Factors like climate change, thinning groundwater resources, rises in seawater temperature, reduced flow of rivers and streams and public demand for water conservation are driving water and wastewater utilities to enhance the sustainability and resiliency of their systems. Armed with reclamation and reuse technologies, utilities are finding solutions in a range of strategies. But as each water source and its use are different, so too will be the reuse process for each application. To remain current and adaptable, utilities need to develop long-term plans with multi-benefit solutions and outcomes.
According to an article by Zeynep Erdal, Black & Veatch’s integrated solutions leader, and Jo Ann Jackson, Black & Veatch’s One Water national practice leader, companies can achieve this holistic consideration of system resilience by adopting a One Water philosophy that facilitates collaboration between different water agencies, drafting plans that account for the specificities of an area’s water sources, and identifying best-fit strategies and goals for their own community’s water.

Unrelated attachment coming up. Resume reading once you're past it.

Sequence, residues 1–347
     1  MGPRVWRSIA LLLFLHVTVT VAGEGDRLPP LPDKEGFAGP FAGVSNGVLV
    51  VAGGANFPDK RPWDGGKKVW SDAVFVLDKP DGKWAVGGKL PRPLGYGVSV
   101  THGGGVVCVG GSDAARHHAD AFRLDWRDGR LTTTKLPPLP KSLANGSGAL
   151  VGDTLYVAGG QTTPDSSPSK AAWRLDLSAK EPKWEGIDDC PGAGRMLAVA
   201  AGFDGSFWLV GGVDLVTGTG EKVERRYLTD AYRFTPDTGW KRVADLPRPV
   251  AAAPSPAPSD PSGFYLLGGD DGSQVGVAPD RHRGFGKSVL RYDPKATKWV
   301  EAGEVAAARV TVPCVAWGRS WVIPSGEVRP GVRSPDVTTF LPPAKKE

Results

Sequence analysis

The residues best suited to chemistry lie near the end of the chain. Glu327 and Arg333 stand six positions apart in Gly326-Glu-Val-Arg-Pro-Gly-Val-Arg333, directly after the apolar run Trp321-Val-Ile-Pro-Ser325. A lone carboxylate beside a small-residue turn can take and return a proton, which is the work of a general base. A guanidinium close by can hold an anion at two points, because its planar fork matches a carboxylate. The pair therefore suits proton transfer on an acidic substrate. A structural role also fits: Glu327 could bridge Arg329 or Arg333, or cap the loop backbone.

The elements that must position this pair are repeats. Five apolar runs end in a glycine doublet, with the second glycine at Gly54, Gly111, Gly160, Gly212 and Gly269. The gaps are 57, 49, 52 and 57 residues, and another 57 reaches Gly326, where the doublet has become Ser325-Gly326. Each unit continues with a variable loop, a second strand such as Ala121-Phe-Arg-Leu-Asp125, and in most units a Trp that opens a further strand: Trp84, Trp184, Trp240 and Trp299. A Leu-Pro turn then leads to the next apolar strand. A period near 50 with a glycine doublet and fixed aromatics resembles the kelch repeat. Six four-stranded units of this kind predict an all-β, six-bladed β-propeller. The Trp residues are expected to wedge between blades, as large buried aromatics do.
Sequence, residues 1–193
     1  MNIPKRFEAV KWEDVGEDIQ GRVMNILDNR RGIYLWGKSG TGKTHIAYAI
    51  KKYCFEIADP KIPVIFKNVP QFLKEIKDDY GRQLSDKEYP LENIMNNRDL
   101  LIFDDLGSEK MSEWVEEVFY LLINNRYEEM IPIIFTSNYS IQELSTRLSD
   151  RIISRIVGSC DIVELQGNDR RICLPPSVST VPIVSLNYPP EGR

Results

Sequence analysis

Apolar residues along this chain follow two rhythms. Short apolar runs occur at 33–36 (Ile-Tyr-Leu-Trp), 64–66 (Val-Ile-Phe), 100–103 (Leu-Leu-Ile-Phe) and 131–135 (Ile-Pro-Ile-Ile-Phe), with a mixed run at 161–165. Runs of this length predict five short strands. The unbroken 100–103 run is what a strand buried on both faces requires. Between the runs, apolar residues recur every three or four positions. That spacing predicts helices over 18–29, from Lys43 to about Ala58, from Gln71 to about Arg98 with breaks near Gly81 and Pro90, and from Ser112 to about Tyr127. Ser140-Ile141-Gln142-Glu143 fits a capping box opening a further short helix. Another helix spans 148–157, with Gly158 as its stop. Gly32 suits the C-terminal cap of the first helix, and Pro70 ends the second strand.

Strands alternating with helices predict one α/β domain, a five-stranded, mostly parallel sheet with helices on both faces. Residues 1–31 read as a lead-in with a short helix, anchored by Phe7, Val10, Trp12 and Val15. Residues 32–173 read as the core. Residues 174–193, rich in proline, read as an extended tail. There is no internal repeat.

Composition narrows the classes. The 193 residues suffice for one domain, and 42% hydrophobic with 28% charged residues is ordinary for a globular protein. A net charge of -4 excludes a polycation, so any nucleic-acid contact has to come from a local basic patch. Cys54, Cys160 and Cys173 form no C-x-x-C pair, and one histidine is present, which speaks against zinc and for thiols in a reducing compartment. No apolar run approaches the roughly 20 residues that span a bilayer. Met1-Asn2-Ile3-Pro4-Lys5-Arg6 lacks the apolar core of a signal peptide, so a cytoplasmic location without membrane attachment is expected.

Water reuse has developed greatly since its inception. Today, recycled water--both potable and non-potable--is used across various applications. If communities are to effectively construct resilient water systems that take advantage of reuse, they will need to take a holistic approach.
“Today, cyclic and increasingly extreme drought events are driving utilities to develop water supply resiliency through innovative use of technologies for integrated water reuse solutions that yield many water supply and management benefits,” write Erdal and Jackson. “In the years ahead, learning from past inflection points that drove expansion of water reuse to serve multiple needs as well as initiatives that rose out of extreme necessity can place water reuse on a faster-paced innovation and leadership curve.”
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